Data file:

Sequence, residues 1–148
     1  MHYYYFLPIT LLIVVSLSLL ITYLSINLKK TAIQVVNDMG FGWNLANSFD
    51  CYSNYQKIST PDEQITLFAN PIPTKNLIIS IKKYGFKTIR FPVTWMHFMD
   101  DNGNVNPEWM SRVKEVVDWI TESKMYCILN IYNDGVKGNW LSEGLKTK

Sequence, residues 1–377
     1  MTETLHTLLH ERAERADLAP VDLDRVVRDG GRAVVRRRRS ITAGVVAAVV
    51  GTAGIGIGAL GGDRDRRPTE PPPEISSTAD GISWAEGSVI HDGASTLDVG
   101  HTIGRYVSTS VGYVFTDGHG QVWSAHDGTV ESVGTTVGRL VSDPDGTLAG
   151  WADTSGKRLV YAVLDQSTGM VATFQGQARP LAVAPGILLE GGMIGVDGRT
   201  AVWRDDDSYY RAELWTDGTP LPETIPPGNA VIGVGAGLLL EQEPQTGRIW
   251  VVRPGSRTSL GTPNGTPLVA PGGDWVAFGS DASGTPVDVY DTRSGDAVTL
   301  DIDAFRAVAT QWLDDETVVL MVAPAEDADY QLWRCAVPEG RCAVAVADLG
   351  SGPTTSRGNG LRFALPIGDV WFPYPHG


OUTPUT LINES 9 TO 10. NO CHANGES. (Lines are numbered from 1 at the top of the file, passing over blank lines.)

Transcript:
   151  WADTSGKRLV YAVLDQSTGM VATFQGQARP LAVAPGILLE GGMIGVDGRT
   201  AVWRDDDSYY RAELWTDGTP LPETIPPGNA VIGVGAGLLL EQEPQTGRIW